Its great to see some veterans weigh their positive opinion about door to door. If this concept is working for some of us, why do you feel compelled to jab someone in the throat for being successful. If you have had bad results door to door, it is all in your approach. Not everyone is gonna kiss your A$$ and do business with you. Like someone before me posted, its a numbers game, the more you knock, the more opportunity you will find. I can't believe people would jump on a guy for growing his business. We are new to this industry and if "you" pay attention, you just might learn something from us. I have learned a lot on this site and I appreciate the forum. You need to consider you are a salesperson whether you want to believe or not. You have to ask for the business. While your cutting your clients lawn, ask them about aeration/overseeding and the benefits. Since you are already doing business with them, price it where you still make money, and now you are providing them one more service and keep them from using more and more of your competitors. Like I said in my first post, I have a sales background and maximize this strength every opportunity I get. If you are not selling to your clients and their neighbors you are missing the boat. Guess what, they see you every week.
Came across this thread and even though it's 2 years old, I have some advice that has worked for me. I few weeks ago I bought some used snapper lawn mowers from a guy selling his business because he got a job in corporate america. I'm 19 and am just starting out so he gave me some advice and told me how he started. All he did was put business cards on doors, he said on spring break, he would put out about 3000-4000 and ended up with close to 50 new customers and almost everyone that called him, used him. He was just doing mow and blow for about $25 a yard, plus he said he would upsell some fert for $35, which you might want to check your laws before you do any fert. or herbicide. Anyway his first year he had 50 accounts, his second he was upto 80 and had to hire someone and his 3rd he got up to 150 and beyond. At that time he had a 3 man crew and said they could do postage stamp lots in about 7 minutes each. And his only advertising was business cards on doors, no flyers or any other junk. Most people just throw flyers away, but business cards people tend to keep on there fridge, even if they don't need you right away.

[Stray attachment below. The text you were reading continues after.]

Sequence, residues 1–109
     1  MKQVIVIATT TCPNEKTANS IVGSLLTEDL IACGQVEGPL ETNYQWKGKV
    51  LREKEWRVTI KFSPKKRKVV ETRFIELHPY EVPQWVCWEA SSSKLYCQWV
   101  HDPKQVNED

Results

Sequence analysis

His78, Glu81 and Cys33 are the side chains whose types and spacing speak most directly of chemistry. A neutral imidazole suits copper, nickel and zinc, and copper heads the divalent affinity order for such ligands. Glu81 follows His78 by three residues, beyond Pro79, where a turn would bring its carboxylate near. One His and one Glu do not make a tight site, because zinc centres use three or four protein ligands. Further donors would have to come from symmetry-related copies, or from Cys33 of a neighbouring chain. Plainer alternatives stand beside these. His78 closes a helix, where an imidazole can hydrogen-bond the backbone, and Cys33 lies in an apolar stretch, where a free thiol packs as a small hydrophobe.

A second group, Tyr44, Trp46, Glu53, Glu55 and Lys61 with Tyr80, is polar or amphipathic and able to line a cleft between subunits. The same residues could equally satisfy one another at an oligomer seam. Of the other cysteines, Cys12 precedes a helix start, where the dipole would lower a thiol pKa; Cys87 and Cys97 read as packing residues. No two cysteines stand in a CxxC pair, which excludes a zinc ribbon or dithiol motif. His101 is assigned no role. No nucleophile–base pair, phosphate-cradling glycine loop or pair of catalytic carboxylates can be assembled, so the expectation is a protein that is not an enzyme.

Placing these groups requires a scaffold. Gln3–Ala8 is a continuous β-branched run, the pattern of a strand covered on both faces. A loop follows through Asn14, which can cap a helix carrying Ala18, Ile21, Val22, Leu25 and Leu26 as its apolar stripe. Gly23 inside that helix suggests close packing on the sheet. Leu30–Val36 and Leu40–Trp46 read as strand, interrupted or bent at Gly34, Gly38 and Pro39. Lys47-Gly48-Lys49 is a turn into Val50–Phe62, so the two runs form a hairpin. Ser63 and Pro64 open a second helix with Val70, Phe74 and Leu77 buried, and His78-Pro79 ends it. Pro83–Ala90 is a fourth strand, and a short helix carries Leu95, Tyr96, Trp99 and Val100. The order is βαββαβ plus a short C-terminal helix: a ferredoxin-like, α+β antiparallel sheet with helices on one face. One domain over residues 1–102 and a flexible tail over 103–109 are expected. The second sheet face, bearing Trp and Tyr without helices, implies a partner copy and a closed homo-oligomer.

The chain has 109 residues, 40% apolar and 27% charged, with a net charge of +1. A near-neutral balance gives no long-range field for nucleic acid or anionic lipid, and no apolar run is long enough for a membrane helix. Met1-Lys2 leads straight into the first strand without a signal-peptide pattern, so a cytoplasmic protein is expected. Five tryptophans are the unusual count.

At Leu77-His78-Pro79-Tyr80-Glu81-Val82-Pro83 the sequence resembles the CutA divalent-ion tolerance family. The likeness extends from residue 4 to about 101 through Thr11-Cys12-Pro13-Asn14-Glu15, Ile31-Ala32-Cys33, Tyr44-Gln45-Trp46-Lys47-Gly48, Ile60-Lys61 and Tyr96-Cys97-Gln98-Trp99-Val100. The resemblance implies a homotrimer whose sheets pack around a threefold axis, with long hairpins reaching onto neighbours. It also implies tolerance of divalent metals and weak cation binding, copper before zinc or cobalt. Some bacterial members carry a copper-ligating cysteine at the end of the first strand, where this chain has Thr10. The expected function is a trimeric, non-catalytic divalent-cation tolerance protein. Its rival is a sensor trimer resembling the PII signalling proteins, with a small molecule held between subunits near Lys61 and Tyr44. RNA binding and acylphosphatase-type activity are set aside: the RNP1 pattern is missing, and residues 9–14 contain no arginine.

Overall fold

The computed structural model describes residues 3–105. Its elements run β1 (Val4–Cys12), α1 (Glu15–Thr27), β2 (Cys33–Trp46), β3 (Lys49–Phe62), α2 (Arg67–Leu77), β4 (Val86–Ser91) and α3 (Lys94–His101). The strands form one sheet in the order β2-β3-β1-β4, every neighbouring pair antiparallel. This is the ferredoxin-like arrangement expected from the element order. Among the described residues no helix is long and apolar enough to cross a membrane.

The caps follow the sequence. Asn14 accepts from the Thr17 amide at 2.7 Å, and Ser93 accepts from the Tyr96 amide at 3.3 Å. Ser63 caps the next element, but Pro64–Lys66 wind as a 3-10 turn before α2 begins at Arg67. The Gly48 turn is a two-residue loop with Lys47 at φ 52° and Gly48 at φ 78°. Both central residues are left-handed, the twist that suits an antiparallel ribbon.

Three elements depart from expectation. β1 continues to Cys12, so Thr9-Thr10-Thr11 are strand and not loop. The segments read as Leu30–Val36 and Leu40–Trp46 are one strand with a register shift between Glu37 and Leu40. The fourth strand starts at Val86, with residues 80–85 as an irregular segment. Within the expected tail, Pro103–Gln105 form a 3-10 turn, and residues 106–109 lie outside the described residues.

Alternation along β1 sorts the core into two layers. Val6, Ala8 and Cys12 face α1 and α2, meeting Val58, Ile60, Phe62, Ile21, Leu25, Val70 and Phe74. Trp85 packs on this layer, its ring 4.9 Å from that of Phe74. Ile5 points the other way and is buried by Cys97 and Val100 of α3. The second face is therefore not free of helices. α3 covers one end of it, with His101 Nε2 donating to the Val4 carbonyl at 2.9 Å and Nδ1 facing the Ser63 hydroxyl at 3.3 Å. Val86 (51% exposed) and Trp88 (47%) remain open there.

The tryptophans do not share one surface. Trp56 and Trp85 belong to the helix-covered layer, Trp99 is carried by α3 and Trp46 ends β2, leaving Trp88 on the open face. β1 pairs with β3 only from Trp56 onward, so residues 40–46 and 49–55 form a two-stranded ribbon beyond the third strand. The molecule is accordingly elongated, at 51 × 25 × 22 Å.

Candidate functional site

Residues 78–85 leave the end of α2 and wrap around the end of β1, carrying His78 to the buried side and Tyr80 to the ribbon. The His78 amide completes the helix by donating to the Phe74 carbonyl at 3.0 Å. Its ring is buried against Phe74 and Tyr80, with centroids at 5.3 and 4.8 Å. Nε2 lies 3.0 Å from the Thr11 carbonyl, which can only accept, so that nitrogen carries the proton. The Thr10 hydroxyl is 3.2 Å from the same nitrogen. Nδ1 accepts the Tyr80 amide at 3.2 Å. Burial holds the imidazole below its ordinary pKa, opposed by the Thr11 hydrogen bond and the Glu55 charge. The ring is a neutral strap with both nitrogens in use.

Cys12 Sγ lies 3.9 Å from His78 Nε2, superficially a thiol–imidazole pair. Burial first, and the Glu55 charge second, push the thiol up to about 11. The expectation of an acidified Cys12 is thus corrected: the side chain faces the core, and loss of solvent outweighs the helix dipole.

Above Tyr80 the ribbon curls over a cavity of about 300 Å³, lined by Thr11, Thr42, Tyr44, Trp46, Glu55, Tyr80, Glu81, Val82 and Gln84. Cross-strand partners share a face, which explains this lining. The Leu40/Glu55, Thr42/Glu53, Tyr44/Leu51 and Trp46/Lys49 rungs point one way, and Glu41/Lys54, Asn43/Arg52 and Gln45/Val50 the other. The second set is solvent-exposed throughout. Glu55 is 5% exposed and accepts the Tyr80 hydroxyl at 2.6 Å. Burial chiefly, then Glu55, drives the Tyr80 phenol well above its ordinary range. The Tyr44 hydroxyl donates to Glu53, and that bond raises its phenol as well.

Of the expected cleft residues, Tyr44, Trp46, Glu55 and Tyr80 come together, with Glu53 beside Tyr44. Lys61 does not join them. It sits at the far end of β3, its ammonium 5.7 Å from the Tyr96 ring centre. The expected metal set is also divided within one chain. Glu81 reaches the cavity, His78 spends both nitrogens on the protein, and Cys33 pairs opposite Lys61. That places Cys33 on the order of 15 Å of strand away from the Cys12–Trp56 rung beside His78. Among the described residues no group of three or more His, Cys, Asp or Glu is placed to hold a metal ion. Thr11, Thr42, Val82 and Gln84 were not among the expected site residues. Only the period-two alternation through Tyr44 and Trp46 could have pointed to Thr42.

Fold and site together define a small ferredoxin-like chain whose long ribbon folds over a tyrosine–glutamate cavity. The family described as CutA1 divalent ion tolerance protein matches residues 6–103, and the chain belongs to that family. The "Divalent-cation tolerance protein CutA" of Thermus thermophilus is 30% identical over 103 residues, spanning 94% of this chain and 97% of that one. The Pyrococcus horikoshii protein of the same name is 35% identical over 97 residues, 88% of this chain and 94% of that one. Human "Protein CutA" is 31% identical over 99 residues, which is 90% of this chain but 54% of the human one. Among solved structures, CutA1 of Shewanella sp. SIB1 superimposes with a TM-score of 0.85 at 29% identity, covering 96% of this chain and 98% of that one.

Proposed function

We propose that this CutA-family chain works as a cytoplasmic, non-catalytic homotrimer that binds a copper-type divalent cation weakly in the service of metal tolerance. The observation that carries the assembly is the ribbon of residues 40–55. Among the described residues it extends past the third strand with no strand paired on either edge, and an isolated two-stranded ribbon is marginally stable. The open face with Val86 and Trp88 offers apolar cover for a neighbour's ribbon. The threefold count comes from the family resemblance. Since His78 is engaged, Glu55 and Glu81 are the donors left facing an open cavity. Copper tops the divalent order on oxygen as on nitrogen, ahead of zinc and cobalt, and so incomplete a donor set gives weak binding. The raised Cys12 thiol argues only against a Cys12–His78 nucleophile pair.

Now I just put out about 120 cards today, and I just used masking tape and put them on the front door,(use masking tape) after I finished, I had two calls and one I went and gave a quote on for $175 and it's for a cleanup before they sell the house, another I'm giving a quote on Saturday on a house for weekly mowing, that's in a upperclass neighborhood that has postage stamp lawns. I also have my family and friends post stuff on Facebook, twitter and Instagram, and that has landed me a few jobs already. Another big thing is selling your self! I'm pretty shy and have a hard time doing that, but there nothing weird about introducing yourself to someone and giving an elevator pitch, it can only benefit you! I'm in this speech class and today we had a party with a few guest speakers, we then had to give them a personal business card and an elevator speech to them while the party was going on. I ended up giving my business card to about 7 peopelle in the class and every single needed or knew someone that needed a lawn service. So in about one day, I got 2 jobs, and had about 10 that were pretty promising.
I've gone on enough, sorry about that I am just excited about this year!